Tuning the activity of mitochondria-penetrating peptides for delivery or disruption

Kristin L. Horton, Mark P. Pereira, Kelly M. Stewart, Sonali B. Fonseca, Shana O. Kelley*

*Corresponding author for this work

Research output: Contribution to journalArticlepeer-review

49 Scopus citations


Mitochondrially targeted agents have the capacity to be both vehicles for the delivery of bioactive agents and mitochondrial disrupters and show promise for the treatment of various diseases. Engineering these agents to specifically accumulate or disrupt the mitochondrion is challenging, as there is a fine line between characteristics of the molecules that accomplish each task. Here, we assess the physicochemical properties governing mitochondrial matrix accumulation or membrane disruption caused by mitochondria-penetrating peptides. Increases in peptide length and hydrophobicity were uncovered as the dominant factors in deriving membrane disruptive activity. Shorter, less hydrophobic peptides did not disrupt the mitochondrial membrane, but rather accumulated in the mitochondrial matrix without interfering with cellular activity. These shorter peptides, however, can trigger cytochrome c release through activation of the permeability transition pore complex (PTPC), but only at very high concentrations. This study illustrates that the activity of a mitochondria-localizing agent can be controlled through alterations in peptide hydrophobicity and dosing concentrations.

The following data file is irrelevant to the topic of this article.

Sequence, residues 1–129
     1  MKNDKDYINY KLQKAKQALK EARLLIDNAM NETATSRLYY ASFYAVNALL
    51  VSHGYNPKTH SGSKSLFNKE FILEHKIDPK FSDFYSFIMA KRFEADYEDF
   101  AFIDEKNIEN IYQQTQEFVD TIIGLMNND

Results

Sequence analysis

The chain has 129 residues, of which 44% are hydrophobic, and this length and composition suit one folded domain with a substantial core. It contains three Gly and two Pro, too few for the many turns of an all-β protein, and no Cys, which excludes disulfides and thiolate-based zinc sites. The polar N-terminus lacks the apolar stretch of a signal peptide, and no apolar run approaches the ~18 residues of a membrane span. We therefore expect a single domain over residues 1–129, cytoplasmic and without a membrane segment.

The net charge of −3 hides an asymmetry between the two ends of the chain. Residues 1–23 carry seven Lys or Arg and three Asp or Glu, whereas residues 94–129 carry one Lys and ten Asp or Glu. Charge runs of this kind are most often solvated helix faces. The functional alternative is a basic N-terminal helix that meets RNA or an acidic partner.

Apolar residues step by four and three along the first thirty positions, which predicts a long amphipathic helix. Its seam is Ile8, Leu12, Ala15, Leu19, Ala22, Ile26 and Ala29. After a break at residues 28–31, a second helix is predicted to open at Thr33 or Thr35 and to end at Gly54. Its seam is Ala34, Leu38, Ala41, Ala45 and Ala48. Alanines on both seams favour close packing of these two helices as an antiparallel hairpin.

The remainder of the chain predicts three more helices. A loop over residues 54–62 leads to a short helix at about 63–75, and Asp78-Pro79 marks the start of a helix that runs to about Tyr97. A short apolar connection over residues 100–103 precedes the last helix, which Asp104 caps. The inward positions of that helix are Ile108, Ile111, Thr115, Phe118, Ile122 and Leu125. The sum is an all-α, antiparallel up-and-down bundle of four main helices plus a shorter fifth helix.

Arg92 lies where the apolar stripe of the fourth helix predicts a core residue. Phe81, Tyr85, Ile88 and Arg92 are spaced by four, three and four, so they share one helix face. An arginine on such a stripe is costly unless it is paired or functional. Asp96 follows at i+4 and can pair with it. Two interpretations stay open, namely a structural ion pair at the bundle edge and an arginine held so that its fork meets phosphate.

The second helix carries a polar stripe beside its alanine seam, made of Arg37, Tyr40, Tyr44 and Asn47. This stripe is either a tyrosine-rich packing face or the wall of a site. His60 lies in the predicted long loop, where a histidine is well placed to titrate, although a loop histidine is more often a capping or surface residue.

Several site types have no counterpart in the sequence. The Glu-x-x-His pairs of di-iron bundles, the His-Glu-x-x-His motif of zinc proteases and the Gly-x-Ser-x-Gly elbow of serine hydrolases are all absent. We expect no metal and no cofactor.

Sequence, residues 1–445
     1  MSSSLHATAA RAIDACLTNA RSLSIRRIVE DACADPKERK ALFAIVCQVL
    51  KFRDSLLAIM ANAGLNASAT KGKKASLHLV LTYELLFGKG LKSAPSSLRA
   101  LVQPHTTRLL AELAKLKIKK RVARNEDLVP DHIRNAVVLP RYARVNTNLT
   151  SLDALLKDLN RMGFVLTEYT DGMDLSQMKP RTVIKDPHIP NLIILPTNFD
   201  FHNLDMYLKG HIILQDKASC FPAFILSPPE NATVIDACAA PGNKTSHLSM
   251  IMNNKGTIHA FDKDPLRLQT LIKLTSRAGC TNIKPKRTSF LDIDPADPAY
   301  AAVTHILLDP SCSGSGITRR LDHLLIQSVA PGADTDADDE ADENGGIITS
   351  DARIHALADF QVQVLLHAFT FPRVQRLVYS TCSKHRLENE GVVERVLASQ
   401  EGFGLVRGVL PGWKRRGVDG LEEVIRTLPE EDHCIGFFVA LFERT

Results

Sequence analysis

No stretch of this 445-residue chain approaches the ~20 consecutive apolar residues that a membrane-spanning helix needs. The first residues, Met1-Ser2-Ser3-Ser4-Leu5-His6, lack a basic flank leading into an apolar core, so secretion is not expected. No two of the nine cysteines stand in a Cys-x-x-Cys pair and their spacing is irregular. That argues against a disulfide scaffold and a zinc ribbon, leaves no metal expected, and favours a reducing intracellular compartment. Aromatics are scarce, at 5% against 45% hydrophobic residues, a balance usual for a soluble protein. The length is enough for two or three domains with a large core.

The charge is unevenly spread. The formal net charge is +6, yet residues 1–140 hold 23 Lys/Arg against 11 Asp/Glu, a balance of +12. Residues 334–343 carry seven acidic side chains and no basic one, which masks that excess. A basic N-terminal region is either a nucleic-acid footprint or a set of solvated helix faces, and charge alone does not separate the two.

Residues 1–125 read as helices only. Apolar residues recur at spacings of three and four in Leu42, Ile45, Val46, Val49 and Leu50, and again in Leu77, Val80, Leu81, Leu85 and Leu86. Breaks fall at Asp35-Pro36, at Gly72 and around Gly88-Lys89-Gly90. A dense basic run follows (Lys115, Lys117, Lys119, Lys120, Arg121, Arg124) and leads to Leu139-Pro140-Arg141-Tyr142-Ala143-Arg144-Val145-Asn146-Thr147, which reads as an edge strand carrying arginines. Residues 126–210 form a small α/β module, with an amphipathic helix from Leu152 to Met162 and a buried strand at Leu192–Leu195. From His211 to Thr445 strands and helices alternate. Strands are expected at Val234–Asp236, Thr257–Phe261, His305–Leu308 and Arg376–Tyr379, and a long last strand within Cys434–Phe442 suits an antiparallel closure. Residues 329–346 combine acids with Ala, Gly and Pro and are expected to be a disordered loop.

Original languageEnglish (US)
Pages (from-to)476-485
Number of pages10
Issue number3
StatePublished - Feb 13 2012
Externally publishedYes


  • Apoptosis
  • Drug delivery
  • Mitochondria
  • Peptides

ASJC Scopus subject areas

  • Biochemistry
  • Molecular Medicine
  • Molecular Biology
  • Organic Chemistry


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